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Presence of a deletion in the 5′ upstream region of the GALT gene in Duarte (D2) alleles
  1. LIBOR KOZÁK,
  2. HANA FRANCOVÁ
  1. Research Institute of Child Health, Department of Biochemical and Molecular Genetics, Cernopolní 9, CZ-662 62 Brno, Czech Republic
  2. Research Institute of Child Health, Clinical Department, Brno, Czech Republic
  3. Institute for Inherited Metabolic Disorders, Prague, Czech Republic
    1. ANNA PIJÁCKOVÁ,
    2. JINDRIŠKA MACKU
    1. Research Institute of Child Health, Department of Biochemical and Molecular Genetics, Cernopolní 9, CZ-662 62 Brno, Czech Republic
    2. Research Institute of Child Health, Clinical Department, Brno, Czech Republic
    3. Institute for Inherited Metabolic Disorders, Prague, Czech Republic
      1. SYLVIE ŠTASTNÁ,
      2. KAROLÍNA PEŠKOVOVÁ,
      3. OLGA MARTINCOVÁ,
      4. JAKUB KRIJT
      1. Research Institute of Child Health, Department of Biochemical and Molecular Genetics, Cernopolní 9, CZ-662 62 Brno, Czech Republic
      2. Research Institute of Child Health, Clinical Department, Brno, Czech Republic
      3. Institute for Inherited Metabolic Disorders, Prague, Czech Republic

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        Editor—Galactosaemia is an autosomal recessively inherited metabolic disorder caused by a defect in the galactose-1-phosphate uridyltransferase (GALT) enzyme. Absence or severe reduction of GALT activity results in classical galactosaemia (G/G) while an approximately half reduction of enzyme activity leads to the Duarte variant of galactosaemia (D/D). Mutation Q188R was found to be the most common molecular defect among classical galactosaemia patients,1 whereas N314D was predominantly detected in Duarte galactosaemia patients.2 In recent studies, the Duarte (D2) allele with 50% of normal GALT activity and the Los Angeles (D1) allele with 110-130% of normal GALT activity were characterised as having nucleotide alterations in addition to N314D.3 A study of the GALT gene from 31 unrelated galactosaemia families and from 504 control subjects is reported.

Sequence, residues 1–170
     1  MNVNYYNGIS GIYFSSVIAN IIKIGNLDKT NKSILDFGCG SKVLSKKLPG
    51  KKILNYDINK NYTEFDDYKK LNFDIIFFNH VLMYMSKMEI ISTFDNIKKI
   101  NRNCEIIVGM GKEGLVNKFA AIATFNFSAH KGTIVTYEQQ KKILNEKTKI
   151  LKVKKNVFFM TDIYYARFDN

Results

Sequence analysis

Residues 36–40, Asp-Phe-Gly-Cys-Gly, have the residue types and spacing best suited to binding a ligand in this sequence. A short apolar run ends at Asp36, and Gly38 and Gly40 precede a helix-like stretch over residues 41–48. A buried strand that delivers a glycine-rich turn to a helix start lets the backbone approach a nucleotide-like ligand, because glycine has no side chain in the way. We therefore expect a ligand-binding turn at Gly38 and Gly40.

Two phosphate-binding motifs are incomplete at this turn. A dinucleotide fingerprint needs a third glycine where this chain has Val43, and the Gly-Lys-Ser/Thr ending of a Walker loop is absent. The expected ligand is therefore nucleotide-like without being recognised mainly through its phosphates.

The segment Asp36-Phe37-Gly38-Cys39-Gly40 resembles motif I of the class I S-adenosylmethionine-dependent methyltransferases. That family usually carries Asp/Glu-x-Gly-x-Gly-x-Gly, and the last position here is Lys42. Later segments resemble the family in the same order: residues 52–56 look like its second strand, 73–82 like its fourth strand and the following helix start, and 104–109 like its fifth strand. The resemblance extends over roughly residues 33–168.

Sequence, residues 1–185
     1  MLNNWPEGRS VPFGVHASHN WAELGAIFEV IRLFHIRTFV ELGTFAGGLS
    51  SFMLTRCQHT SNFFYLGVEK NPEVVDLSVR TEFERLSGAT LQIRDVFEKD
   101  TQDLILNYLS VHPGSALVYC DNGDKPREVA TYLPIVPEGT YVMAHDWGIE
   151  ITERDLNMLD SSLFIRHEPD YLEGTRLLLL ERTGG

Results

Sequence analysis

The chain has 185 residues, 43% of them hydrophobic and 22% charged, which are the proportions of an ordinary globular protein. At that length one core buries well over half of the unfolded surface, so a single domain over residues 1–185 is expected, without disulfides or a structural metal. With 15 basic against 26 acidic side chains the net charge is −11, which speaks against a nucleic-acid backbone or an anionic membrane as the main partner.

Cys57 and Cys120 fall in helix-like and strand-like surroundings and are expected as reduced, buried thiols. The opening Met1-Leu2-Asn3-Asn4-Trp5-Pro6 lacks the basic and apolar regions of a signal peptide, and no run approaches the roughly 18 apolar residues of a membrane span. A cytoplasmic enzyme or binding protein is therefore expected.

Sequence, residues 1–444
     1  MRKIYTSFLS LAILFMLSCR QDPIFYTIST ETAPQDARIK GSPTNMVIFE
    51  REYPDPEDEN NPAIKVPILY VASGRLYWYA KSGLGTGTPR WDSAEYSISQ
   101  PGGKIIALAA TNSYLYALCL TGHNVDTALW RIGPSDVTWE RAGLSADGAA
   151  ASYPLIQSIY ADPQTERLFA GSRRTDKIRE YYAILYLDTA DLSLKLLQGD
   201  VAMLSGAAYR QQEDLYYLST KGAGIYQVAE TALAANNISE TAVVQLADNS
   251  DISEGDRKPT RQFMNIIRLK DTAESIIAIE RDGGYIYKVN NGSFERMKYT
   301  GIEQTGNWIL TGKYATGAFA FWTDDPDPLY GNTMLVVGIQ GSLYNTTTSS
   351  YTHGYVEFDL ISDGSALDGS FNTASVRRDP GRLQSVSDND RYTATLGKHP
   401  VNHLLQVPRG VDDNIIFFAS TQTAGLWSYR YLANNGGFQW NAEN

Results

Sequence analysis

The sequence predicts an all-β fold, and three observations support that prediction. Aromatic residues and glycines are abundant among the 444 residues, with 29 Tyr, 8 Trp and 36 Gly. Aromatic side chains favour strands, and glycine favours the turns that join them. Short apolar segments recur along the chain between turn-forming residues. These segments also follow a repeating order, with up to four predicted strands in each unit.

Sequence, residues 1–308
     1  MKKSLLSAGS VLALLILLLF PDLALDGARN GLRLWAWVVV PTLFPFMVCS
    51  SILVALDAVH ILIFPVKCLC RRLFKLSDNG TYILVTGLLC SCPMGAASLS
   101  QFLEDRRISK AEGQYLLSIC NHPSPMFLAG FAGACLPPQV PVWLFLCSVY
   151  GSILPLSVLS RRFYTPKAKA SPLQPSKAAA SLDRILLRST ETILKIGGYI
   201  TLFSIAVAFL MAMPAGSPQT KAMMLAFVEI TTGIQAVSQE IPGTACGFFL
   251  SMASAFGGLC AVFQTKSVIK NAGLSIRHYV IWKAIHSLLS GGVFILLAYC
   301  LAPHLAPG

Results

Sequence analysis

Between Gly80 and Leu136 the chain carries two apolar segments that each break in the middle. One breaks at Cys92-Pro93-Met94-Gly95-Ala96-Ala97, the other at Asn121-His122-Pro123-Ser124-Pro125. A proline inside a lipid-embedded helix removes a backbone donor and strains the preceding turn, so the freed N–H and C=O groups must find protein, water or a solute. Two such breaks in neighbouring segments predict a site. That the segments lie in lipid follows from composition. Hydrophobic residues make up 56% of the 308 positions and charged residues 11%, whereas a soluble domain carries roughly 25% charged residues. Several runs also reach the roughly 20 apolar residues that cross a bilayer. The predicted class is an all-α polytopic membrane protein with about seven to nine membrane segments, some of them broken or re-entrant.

Thirty three patients and their relatives from the Czech and Slovak Republics were investigated (100% of all known galactosaemia patients). All families were white. There is no galactosaemia newborn screening in our country. Clinical onset of classical galactosaemia began in all patients in the neonatal period. The patients were identified with typical symptoms of classical galactosaemia (vomiting, failure to thrive, icterus, sepsis, hepatosplenomegaly, cataracts) and diagnosed by erythrocyte GALT assay (residual GALT activity less than 3% of the control value).4 A total of 504 non-galactosaemic subjects from the Czech Republic, including healthy donors and parents of α-1-antitrypsin deficiency patients, were used as a control group for population screening of the Duarte (D2) and Los Angeles (D1) alleles.

        Mutation analysis was performed for the 5′ upstream region and the whole coding region with flanking intronic sequences of the GALT gene using PCR/digestion, denaturing gradient gel electrophoresis (DGGE), heteroduplex analysis (HA), and sequencing methods. A total of 11 sequence variations in six mutated alleles was found. The two most common molecular defects were the mutations Q188R (45.2%) and K285N (27.5%). Two novel mutations in the coding region of the GALT gene, Y209S (3.2%) and 2142delGCC (1.6%), were detected; both were associated with severe reduction of enzyme activity. The previously described mutation L195P was found in exon 7 on three mutant alleles (4.8%). An unusual molecular genotype was observed in three classical galactosaemia alleles (4.8%), with six variations from the normal nucleotide sequence presented in cis (V151A, N314D, −119del4, 1105G→C, 1323G→A, and 1391G→A). A novel deletion of four GTCA nucleotides in the 5′ promoter region, in a position 119 nucleotides upstream from the initiation codon (−119del4), was found in Duarte (D2) alleles (fig 1, above), in addition to N314D, 1105G→C, 1323G→A, and 1391G→A. The deletion abolished aDdeI restriction site in the amplification created restriction site (ACRS) detection system (fig 1, below). In addition, during analysis of the 5′ promoter region, a discrepancy was found between published5 and detected sequences (fig 2).

        Figure 1